I see Floyd looking better against PAC because I think Floyd is more familiar with facing speed than he is to being clearly outmuscled. Back at his normal weight, and with PAC likely to come in slightly lighter than him, I think he feels better matching mannys speed against his timing. I may have to revisit this after manny and Timothy's fight though. We all know that manny will let his hands go, but the telling factor will be how Floyd deals with mannys power.

@ radam...I missed you too lol...

@ B-sug...thanks for the compliments bro...just trying to keep up with you, mort, radam, ultimo, mr lee...and all the rest that are too many to name who consistently drop the knowledge. I hope they get it on too, after skimming through the playoffs I realize boxing is the only sport I have the patience to watch...

Travdog says:

Silly article.

Ali and Foreman fought common opponents. Foreman crushed fighters that Ali struggled with. When they fought Ali knocked him out.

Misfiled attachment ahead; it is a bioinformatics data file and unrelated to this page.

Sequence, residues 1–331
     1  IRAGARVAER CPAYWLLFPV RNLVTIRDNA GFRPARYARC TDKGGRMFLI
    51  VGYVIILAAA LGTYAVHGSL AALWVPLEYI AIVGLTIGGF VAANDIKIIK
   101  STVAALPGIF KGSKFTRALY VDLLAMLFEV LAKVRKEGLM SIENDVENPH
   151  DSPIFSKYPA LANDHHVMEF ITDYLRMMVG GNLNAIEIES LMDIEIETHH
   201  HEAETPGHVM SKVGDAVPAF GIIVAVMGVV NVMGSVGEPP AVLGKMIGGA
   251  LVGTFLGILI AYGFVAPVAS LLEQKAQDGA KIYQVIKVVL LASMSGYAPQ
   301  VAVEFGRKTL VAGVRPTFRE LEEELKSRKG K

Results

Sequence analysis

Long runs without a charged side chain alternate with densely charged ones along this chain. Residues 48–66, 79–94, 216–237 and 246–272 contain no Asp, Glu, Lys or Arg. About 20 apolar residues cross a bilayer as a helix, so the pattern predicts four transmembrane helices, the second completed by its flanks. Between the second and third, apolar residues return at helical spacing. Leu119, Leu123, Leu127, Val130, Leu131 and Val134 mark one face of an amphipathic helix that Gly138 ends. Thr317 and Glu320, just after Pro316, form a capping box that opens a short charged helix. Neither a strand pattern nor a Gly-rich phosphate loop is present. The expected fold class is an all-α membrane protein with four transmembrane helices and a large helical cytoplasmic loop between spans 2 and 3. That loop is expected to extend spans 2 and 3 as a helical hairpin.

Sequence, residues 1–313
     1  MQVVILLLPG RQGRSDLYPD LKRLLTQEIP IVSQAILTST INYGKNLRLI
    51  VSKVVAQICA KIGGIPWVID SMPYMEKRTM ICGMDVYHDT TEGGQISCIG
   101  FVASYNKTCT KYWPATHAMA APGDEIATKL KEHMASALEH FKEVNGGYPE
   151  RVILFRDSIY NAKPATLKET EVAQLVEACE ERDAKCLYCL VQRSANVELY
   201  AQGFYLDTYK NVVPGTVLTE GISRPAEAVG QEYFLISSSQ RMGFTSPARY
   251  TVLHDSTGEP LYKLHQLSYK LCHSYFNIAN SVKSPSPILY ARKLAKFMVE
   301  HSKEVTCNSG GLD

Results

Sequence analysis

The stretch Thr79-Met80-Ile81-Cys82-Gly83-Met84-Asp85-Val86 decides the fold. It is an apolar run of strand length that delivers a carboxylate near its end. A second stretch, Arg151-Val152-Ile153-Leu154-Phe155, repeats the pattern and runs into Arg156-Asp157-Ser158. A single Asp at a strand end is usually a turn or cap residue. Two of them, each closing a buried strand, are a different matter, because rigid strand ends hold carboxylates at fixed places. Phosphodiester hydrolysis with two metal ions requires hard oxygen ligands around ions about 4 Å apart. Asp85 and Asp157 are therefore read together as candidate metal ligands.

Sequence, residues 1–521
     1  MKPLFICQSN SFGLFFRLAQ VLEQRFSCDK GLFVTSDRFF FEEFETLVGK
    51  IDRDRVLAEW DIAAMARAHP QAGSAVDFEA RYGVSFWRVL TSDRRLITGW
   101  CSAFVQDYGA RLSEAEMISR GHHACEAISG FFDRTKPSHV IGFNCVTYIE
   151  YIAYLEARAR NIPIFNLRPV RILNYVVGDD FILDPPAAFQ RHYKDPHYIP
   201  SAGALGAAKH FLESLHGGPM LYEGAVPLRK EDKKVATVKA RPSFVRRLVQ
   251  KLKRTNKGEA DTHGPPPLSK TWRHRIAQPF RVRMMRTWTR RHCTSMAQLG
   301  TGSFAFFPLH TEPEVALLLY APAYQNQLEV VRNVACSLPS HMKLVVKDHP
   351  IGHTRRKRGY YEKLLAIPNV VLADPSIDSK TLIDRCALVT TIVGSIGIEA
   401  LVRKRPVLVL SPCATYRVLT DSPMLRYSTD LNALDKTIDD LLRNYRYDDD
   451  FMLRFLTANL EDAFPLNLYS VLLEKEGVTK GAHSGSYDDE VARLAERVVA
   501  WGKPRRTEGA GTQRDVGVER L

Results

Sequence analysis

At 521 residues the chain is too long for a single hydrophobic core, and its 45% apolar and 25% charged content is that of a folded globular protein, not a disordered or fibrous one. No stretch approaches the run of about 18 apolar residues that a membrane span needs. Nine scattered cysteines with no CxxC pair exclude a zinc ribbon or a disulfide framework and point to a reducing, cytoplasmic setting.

Mayweather's prowess in the game allowed him to be the favorite in every fight. If he fought Pacman he would be the favorite yet again. Let's go down the list of fighters Mayweather supposedly ducked and let's see who would have been favored against him let's start all the way back.

Casamayor
Freitas
Steve Johnston
Spadafora
Tsyzu
Hatton at 140
Vivian Harris
Paul Williams
Cotto at 147
Margarito
Cory Spinks
Shane Mosely years ago
Winky Wright
Pacquaio


Now tell me who would have been favored over Money May?

It's not May's fault he was not knocked out twice early. Nor was it his fault that he couldn't handle a rouch spot (Agapito) nor being outboxed by Morales.

Let's stop writing silly articles discrediting greatness to promote the agenda of highlighting your favorite fighter.

An argument can be made to discredit any fighter.

I can always say that, Manny knocked out Barrera after all of the distraction of a rough training can and mystery of the head injury. Manny was unable to blow him away in the rematch.

Manny also couldn't blow away Oscar Larios who also hurt him.

Fought and knocked out a weight drained, IV using De La Hoya.

Knocked out a Hatton that was knocked out by Mayweather and was also given extra time to recover from a possible knockout loss to Lazcano.

Knocked out Cotto after he was knocked out by Margarito and busted up badly by Clottey.

How that makes you greater I don't know.

For the record, I like Manny. I predicted the KO win of Barrera. I had him beating Marquez 115-110 in the first fight and I had him winning the second fight. Manny is the second best fighter out there and there is no shame in that.